Not One Asylee in Međimurje County, Only 15 in Istria, Rijeka

By 5 September 2019

ZAGREB, September 5, 2019 - The highest number of asylees in Croatia, 620, are accommodated in Zagreb and the lowest in counties reputed as multicultural, which points to the weakness of the state's policy, Večernji List daily said on Thursday.

Since 2015, Croatia has granted international protection for 696 people, mainly from Syria, Iraq and Afghanistan. According to Interior Ministry data, asylum has been granted for 620 and subsidiary protection for 76 applicants. The government has also met its 2015 and 2017 obligations to take in 250 Syrian refugees relocated from Turkey as well as adopting a third decision to take in up to 150 citizens from third countries in a show of solidarity with other EU member states, the newspaper said.

As expected, the largest number of asylees is in Zagreb, but it is surprising that Istria and Primorje-Gorski Kotar counties, reputed as multicultural and tolerant, have taken in only 15 people, Večernji List said.

The state has the duty to integrate asylees into society so that, while keeping their culture, they can accept the values and norms of Croatian society and it them. However, Croatia does not have a migration policy and until now has not dealt with the integration of a larger number of foreigners from third countries, so integration is being implemented based on government action plans for the integration of refugees and asylees, the paper said.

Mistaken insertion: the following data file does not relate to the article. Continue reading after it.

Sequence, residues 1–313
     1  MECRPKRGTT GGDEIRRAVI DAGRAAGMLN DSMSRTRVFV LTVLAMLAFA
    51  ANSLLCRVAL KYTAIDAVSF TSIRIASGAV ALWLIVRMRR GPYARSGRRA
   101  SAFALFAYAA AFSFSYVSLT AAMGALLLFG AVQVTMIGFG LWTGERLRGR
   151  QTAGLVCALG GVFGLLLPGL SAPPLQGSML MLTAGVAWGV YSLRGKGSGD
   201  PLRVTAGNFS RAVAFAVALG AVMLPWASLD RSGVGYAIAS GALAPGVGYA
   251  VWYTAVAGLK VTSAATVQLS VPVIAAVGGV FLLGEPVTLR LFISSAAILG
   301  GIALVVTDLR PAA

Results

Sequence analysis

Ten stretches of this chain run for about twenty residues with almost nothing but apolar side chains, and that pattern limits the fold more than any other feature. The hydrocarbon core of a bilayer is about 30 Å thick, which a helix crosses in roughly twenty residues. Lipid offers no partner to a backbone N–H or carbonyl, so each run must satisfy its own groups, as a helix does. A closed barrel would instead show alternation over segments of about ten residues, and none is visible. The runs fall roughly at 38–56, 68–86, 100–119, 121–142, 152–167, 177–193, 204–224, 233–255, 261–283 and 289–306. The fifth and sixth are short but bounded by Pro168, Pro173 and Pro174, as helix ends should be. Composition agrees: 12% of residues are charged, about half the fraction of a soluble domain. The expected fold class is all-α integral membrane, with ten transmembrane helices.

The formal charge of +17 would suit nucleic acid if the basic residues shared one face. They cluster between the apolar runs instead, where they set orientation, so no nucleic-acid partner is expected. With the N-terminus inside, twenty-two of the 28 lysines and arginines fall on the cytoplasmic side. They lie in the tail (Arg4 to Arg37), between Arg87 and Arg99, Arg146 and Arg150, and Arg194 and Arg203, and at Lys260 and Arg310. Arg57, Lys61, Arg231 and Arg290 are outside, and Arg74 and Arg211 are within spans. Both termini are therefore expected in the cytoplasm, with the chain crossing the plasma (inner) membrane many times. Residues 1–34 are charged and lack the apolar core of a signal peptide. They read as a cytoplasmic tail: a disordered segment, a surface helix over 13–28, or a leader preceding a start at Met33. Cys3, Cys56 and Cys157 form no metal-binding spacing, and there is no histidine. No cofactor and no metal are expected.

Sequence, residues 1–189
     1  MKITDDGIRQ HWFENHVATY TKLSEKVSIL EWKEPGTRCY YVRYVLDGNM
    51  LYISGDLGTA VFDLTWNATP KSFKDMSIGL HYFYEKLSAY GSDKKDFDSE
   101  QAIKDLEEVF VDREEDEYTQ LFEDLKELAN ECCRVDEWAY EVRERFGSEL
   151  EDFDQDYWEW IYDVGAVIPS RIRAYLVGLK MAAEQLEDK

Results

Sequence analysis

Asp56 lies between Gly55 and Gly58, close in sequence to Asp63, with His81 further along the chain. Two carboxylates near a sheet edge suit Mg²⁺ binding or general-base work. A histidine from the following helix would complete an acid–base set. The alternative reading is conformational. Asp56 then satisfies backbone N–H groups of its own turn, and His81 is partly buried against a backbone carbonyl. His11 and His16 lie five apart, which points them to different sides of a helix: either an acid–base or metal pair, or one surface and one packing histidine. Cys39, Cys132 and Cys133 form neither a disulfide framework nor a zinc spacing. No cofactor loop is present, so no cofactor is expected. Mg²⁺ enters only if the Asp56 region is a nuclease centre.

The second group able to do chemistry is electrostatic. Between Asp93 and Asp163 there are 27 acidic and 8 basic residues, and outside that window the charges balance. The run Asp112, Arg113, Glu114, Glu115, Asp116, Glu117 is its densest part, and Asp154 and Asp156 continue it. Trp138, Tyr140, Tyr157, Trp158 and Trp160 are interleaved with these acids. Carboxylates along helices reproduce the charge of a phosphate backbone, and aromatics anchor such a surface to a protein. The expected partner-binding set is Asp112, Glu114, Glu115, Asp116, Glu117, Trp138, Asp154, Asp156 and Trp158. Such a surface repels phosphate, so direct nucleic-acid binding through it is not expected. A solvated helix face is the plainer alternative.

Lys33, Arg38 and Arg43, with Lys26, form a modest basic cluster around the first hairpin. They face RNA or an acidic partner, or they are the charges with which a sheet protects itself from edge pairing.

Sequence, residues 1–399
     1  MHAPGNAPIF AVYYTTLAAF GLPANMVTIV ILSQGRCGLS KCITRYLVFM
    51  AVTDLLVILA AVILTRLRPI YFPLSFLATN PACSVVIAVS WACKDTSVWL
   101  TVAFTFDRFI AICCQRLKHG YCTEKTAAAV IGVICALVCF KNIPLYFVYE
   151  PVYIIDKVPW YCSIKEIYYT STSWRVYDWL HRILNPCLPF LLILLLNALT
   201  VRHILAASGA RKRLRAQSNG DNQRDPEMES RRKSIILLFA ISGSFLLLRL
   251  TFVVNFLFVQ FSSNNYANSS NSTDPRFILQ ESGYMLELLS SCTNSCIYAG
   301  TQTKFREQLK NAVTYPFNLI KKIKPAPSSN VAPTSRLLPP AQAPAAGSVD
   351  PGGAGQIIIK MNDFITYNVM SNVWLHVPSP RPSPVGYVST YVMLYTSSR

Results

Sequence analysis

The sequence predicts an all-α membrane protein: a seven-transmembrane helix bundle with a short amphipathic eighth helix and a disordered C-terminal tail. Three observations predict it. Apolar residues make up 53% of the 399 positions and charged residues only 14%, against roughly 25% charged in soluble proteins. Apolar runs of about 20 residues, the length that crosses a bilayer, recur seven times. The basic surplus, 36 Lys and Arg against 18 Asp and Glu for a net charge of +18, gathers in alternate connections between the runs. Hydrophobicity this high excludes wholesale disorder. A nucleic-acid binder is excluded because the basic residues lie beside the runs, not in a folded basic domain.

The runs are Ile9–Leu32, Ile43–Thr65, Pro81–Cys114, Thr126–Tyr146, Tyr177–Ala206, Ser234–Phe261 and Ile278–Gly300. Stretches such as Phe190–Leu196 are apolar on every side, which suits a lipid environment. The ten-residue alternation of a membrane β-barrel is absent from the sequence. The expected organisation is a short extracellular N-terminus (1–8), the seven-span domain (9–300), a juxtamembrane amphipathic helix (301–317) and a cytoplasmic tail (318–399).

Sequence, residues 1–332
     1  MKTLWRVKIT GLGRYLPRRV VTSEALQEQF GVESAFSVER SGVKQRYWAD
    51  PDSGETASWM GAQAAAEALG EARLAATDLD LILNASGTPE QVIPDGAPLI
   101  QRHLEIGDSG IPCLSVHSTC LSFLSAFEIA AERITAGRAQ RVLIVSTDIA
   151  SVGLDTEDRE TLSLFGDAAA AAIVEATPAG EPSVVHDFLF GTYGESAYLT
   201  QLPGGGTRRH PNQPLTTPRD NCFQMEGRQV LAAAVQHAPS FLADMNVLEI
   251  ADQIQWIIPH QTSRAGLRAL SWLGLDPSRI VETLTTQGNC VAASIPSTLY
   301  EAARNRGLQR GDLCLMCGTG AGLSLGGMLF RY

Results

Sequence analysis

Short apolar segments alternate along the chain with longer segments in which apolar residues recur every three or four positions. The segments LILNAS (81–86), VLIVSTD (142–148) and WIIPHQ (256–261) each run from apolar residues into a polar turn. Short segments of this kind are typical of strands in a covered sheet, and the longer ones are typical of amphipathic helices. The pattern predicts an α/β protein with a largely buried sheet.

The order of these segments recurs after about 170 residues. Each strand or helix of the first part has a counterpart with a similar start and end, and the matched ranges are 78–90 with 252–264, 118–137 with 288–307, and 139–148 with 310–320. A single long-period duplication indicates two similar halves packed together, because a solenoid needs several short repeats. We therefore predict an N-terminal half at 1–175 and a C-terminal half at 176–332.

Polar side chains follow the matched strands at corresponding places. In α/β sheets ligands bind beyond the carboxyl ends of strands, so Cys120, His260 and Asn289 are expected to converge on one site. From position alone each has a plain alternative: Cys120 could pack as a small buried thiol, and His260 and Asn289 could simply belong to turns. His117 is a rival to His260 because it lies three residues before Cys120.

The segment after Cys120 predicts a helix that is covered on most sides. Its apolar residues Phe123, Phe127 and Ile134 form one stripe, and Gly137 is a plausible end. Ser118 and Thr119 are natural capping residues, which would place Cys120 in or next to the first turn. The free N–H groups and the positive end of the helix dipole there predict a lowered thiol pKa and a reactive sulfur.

It also mentioned the findings of a government survey showing that the lowest support for asylee rights, the highest expectation of negative change and the least willingness to help come from the people of the Dalmatia coastal region and eastern Croatia, while Istria and Primorje-Gorski Kotar counties and central Croatia have more positive views.

Willingness for close contact with asylees is lowest in Dalmatia and eastern Croatia, and highest in the northern Adriatic and central Croatia, Večernji List said, adding that it was therefore surprising that only 11 asylees have residence in Istria County and only four in Primorje-Gorski Kotar County. Eighty-seven asylees reside in Sisak-Moslavina County, 43 in Zadar County, 42 in Brod-Posavina County, 34 in Zagreb County, seven in Split-Dalmatia County, six in Varaždin County, one in Dubrovnik-Neretva County, while there is not one asylee in Međimurje County.

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